Van Gundy backs Jackson: 'He'll come back and be better'

Rod Beard
The Detroit News
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Pistons guard Reggie Jackson missed the first 21 games this season.

Orlando, Fla. — Heading into the offseason, the Pistons have plenty of uncertainty. Coach Stan Van Gundy will have some tough decisions to make about which players to keep and which to try to deal to get the most out of the roster.

One piece that seems to be a keeper is point guard Reggie Jackson.

Van Gundy spoke for about 20 minutes after Tuesday’s shootaround, touching on a variety of topics, including his disappointment with the losing season, their process moving forward with evaluating players and coaching staff, and shaping up the roster.

After making the playoffs last season with 44 wins, the Pistons (37-44) will miss the postseason this year and go into the offseason with plenty of question marks. Part of the reason for the drop was Jackson missing the first 21 games and not playing at full strength this year.

The hope is that he can get back to 100 percent and lift not only himself, but the Pistons’ offense as well.

“There’s guys you look at and say he had a really tough year. Reggie Jackson had a really difficult year and it really affected our team,” Van Gundy said. “I think Reggie will come back and be as good as or better than he was two years ago. I honestly do. There were a lot of things that were physically and mentally very difficult for him to handle.

“He’s committed to getting those things changed. He’s a talented guy and he’ll be really good next year — I have confidence in him.”

It’s just part of the top-to-bottom scrutiny that Van Gundy and the entire organization will undergo to determine their path forward. For the players, it’s make-or-break time, with the swoon in the last few weeks. After they got to 33-33, they’ve gone 4-9 against a favorable schedule that featured many sub-.500 teams and could have led to a playoff push.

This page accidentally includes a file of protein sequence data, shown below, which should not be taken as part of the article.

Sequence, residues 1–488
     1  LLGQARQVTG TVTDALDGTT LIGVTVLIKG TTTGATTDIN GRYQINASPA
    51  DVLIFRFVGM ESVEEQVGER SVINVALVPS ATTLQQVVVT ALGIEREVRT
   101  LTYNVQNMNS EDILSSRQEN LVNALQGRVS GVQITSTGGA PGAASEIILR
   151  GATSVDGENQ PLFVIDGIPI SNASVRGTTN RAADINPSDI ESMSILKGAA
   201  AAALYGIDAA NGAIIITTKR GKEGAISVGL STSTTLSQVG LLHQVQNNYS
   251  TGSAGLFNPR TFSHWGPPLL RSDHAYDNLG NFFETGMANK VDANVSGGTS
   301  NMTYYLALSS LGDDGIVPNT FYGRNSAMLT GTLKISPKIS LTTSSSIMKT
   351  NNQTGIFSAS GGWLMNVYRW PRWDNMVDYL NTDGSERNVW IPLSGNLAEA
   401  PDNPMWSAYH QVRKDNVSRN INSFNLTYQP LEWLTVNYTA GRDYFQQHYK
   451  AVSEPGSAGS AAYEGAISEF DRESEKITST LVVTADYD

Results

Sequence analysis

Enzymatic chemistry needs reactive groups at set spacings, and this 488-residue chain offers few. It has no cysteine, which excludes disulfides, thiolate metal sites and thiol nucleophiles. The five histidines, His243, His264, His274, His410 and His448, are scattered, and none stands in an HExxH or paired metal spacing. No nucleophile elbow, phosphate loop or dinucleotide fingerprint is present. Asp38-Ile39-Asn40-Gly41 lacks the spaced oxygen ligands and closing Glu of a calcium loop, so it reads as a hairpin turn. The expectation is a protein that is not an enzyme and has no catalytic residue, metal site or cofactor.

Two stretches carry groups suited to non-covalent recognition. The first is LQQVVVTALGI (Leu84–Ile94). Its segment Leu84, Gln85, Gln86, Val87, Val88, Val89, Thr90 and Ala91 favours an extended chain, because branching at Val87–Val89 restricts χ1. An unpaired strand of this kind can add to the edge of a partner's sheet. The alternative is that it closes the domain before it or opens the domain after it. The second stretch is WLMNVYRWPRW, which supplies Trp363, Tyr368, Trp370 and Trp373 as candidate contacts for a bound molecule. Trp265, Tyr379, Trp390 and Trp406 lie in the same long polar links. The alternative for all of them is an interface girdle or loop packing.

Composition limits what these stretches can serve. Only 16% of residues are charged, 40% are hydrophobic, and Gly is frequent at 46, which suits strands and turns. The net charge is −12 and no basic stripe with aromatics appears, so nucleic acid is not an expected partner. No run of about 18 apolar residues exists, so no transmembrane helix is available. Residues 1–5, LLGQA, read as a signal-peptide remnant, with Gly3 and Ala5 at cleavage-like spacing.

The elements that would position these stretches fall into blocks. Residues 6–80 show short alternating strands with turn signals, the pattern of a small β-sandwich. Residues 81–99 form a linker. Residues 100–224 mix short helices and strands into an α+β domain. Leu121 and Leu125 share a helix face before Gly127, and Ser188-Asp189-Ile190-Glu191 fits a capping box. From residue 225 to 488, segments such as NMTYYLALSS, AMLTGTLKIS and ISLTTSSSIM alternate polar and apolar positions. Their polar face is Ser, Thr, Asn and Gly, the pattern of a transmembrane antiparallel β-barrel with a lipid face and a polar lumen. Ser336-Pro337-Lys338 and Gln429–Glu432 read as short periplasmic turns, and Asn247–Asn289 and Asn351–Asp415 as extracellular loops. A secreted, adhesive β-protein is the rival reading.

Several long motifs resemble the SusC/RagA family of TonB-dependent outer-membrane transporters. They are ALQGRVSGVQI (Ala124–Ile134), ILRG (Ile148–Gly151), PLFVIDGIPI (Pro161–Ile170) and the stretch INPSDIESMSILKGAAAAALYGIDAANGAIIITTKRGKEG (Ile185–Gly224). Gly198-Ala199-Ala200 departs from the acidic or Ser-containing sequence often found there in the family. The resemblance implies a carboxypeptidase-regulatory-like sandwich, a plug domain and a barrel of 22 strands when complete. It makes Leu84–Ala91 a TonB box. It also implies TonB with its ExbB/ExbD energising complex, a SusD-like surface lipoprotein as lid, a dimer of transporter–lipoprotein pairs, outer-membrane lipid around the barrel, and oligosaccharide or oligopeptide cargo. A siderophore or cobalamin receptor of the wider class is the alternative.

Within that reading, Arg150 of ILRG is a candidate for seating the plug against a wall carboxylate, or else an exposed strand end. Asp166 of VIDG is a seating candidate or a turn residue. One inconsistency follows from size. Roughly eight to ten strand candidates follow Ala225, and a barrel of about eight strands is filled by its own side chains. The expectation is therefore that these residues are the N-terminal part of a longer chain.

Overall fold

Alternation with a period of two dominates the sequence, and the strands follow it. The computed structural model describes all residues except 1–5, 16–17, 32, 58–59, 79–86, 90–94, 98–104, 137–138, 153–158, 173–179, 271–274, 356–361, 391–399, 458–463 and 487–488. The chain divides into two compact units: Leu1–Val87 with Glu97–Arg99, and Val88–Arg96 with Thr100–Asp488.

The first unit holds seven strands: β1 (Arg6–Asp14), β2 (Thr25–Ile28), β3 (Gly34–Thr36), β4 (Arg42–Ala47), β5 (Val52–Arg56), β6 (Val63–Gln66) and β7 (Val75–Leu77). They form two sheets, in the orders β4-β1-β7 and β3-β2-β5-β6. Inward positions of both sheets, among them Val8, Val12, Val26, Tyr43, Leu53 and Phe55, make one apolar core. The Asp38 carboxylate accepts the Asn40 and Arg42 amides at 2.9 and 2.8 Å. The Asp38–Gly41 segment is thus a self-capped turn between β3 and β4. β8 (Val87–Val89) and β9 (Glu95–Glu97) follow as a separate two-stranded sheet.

Improving starts on Pistons' offseason to-do list

“That kind of evaluation has to go on with everybody, so it’s not just ‘He had a bad year, get rid of him.’ I’m not at that point,” Van Gundy said. “Hopefully, our evaluation process is a little more sophisticated than that and nothing is done out of blaming anybody or pointing the finger. If you’re going to blame anybody or point the finger, blame me and point the finger at me.

“When you’re the person in charge, it’s Harry Truman: The buck stops here.”

For Van Gundy to back Jackson seems to suggest that he’ll look to make other tweaks to the roster and trade Jackson, who has three more years and about $51 million left on his contract.

Getting Jackson back to full strength could solve many of the offensive woes, in addition to some of the defensive strides they’ve made this season.

“(Having Jackson) helps. That guy is a really good player,” Van Gundy said. “Two years ago, our offense was middle of the pack. The frustrating thing to me is we came into the year and we were a middle-of-the-pack offensive team last year and a middle-of-the-pack defensive team.

“We said we’ve got to get better at the defensive end of the floor and we’ve gone from 13th to seventh and made the defensive improvement, but our offense took such a step back that it didn’t end up helping us at all. We have to stay on the course we’ve been on defensively and continue to get better and get our offense back or even better than it was before.”

rod.beard@detroitnews.com

Twitter: @detnewsRodBeard

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